Bangalore, we've reached a point of inflection of sorts. More roads are resembling the infamous Silk Board junction and Whitefield's narrow, horror of a road. We are already paying more money for water than any other city in India, with a lot of us not getting enough to live the life of dignity which we did just over a decade ago. Pollution is sickening quite literally and while the number of automobiles infesting the city with smoke are increasing, the cost of transport and everything else is rising quite sharply.
I say 'WE' because I've come to see this city as my own. Perhaps closer to me than Allahabad, a place where I was born and spent my childhood. I've been in Bangalore for over 6 years now, I do not speak Kannada and yes, I am a north Indian. The reason why I don't speak Kannada is not because I'm a north Indian snob who dislikes the south culture and expects the whole world to speak Hindi. On the contrary, I prefer these parts of the country over the parts I lived the first two decades of my life in. I do not speak the language because the people here always spoke to me in English or Hindi. I saw the average Bangalorean take pride in the fact that she could speak the language of a land she had never visited. For years I've fought battles on social media claiming Bangalore to be the best city in India and in each of those battles the one thing that was uncontested always, was how welcoming Bangalore was.
Now, things are changing. As always, humor is leading the way - “boxer shorts is the national dress of BTM layout”, “Koramangala is Amit Pradesh”, “Maruthi Nagar is the mini-Gulf” (jokes that I have indulged in too). But, in this humor things are taking an ugly turn when a friend suggests that we build a mega wall to keep the north Indians outside and have snipers guarding it!
Just a few years ago not speaking the language was a problem only if I got into a street fight with an auto driver but now, to quote a colleague, “it is a touchy subject”. The major reason for the war against South Indians, Gujaratis, Biharis, UP walas in Mumbai was economic – the local workforce was without jobs while the more skilled immigrants were taking a bigger piece of the pie. Sadly, in Bangalore the language subject has become touchy with comparatively lesser evils like traffic congestion and the naivety of the North Indian to demand 'paneer butter masala' at MTR!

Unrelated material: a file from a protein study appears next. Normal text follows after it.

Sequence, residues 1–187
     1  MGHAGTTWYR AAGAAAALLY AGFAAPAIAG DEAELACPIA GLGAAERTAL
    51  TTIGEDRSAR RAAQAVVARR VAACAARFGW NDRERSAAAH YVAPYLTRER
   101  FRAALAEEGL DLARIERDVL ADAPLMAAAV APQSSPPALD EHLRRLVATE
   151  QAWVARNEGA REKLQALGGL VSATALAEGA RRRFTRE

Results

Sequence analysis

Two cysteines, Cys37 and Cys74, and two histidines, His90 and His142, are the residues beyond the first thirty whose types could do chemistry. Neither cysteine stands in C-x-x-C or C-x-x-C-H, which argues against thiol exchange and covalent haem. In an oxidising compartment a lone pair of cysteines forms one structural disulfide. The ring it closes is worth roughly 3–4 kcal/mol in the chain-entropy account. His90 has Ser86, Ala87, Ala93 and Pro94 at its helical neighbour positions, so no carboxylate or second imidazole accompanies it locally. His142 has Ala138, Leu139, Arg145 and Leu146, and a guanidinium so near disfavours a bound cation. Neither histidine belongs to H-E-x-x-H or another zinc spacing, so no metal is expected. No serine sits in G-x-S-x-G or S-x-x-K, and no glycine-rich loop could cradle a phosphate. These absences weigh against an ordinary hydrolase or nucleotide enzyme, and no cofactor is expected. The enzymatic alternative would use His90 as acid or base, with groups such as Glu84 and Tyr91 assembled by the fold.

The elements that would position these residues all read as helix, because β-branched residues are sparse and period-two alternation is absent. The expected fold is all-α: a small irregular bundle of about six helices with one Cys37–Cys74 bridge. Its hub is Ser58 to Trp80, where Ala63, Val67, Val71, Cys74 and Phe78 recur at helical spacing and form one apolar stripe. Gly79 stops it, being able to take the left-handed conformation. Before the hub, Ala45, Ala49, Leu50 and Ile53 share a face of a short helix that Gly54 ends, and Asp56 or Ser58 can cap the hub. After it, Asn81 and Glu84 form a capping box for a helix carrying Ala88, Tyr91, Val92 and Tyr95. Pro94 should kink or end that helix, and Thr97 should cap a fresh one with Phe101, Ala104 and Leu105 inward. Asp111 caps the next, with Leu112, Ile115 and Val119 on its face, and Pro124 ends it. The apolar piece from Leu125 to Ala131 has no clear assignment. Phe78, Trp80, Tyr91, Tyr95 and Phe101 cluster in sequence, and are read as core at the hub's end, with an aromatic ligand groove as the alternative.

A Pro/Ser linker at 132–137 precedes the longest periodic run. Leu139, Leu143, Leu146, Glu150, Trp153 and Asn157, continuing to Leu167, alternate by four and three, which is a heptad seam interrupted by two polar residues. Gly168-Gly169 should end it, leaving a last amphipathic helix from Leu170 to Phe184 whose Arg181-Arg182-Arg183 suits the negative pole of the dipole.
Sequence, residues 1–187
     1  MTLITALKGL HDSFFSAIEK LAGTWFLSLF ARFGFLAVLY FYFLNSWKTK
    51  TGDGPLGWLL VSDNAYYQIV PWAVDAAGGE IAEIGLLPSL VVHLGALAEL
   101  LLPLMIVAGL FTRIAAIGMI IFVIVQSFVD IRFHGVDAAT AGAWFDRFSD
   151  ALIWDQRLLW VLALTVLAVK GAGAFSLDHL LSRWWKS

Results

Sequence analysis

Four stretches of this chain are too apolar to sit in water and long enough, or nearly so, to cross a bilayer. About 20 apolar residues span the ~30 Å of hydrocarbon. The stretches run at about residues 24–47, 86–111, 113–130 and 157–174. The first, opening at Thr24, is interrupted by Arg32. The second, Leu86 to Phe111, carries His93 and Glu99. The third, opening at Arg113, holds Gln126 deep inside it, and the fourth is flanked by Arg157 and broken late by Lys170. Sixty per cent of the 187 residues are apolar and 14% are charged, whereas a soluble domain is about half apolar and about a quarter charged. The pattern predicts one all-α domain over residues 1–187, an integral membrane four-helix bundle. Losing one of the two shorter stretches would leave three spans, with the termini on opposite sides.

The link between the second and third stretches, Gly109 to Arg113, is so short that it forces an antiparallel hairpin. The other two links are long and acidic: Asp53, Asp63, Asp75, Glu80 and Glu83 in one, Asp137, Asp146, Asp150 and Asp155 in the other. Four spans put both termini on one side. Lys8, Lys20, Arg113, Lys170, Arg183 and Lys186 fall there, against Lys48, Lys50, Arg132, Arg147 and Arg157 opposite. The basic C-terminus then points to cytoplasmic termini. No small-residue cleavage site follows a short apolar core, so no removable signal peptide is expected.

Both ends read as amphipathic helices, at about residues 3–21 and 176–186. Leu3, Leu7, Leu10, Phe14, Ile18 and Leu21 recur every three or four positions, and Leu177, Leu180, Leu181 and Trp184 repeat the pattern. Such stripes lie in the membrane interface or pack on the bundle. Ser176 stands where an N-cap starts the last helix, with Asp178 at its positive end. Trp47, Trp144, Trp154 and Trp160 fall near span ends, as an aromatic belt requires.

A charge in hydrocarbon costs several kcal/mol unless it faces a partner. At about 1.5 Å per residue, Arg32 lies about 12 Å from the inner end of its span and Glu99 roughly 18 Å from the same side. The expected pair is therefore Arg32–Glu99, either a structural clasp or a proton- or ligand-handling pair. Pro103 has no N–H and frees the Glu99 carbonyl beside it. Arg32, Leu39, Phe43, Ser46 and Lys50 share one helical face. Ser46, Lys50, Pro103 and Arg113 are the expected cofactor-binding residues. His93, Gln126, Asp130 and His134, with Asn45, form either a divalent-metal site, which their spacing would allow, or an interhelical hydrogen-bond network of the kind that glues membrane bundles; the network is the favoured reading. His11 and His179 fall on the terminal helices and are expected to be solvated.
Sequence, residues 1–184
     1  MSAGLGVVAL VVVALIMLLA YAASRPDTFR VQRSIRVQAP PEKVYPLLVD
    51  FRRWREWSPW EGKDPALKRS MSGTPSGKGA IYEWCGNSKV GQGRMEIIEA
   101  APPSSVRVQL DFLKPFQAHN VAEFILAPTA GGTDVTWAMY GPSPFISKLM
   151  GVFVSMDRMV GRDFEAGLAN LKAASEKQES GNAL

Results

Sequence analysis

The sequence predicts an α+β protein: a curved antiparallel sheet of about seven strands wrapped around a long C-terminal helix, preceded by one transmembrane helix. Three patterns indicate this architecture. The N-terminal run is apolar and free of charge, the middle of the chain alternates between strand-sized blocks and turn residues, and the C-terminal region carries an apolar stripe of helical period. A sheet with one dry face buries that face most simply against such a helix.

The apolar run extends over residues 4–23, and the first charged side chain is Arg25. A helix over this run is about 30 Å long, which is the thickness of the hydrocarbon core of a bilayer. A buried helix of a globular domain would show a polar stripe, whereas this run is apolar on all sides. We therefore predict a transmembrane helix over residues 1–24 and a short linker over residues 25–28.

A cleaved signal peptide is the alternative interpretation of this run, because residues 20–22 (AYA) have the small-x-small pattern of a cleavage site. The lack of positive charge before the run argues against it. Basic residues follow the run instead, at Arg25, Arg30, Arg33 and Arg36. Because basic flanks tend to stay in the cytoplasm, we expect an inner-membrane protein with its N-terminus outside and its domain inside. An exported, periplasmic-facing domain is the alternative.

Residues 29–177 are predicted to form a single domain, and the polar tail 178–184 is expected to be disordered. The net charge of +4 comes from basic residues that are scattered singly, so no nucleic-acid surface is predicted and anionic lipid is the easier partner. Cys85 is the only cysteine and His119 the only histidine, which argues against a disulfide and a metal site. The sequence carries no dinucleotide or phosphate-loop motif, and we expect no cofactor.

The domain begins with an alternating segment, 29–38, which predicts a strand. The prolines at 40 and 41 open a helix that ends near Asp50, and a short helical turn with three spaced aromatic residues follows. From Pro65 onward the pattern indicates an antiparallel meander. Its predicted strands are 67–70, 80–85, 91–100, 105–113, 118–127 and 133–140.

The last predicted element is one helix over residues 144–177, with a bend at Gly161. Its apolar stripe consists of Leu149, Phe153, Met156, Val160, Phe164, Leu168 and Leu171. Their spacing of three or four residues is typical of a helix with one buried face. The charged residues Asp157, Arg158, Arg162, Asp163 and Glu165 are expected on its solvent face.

The 'true Bangalorean' who complains about North Indians invading the good old Bangalore also tells me how Koramangala was not a part of Bangalore, BTM was a jungle where young women were discouraged from venturing out into at night and Whitefield was a place where one went for a day trip. As a North Indian who eats meat, smokes a cigarette or two once in a while, drinks alcohol and has friends who are women, my chances of 'invading' the good parts of Bangalore – Jayanagar, Baswangudi, Banashankari and the like – are minimal from the start in any case so I don't see much of a point in the complains. The fact that the center of the city (and the center of the city's action) has moved away from old parts of Bangalore is understandable.
I think the disagreement is not between Bangalore and the North Indians, the disagreement is between the old Bangalore and her ways and the new generation of a cosmopolitan city. It is easy to draw inferences from the surface of a situation when a problem crops up. North Indian invasion is not a problem for Bangalore, the poor infrastructure is! Immigration from other parts of the country (and world?) is an inevitability. The real culprits of this situation are the administrators, corporators and politicians who have failed to provide Bangalore with an infrastructure that could match the rate of growth! The question we should be asking is not why a North Indian does not speak the local language, the question is why the airport is 40+ kilometers away from the city when there is enough land between the airport and the city, why is the metro taking so much time to become functional and why is the water tanker mafia being allowed to take the city for a ride.
It is easy to be tolerant when everything is perfect. If an immigrant comes along and gives me business, there is no greatness in 'accepting' the outsider. It's when the presence of an outsider creates inconveniences that racial tolerance comes into picture. When Mumbai drives out thousands of South Indians and when Bangalore starts to expect one to learn the local language, they are both driven by the same racial discriminatory thought. Tolerance then is a mere affectation, and not so covert one either, especially when the 'tolerant' neighbor tells you, "we have allowed everyone to come to Bangalore" in a country where one of the reasons the current government got a landslide victory was opposition of Article 370 that gives special status to the state of J&K.
This could just be dismissed as an empty rant and nothing would make me happier if most of you do that. It would mean that the 'problem' that I'm seeing is in very select circles and most part of Bangalore is just like the group of men and women I met yesterday – in their late 60s-70s, speaking to each other in English who had traveled from South Bangalore to Indira Nagar to eat a Bengali keema roll at Chakum-Chukum with their families.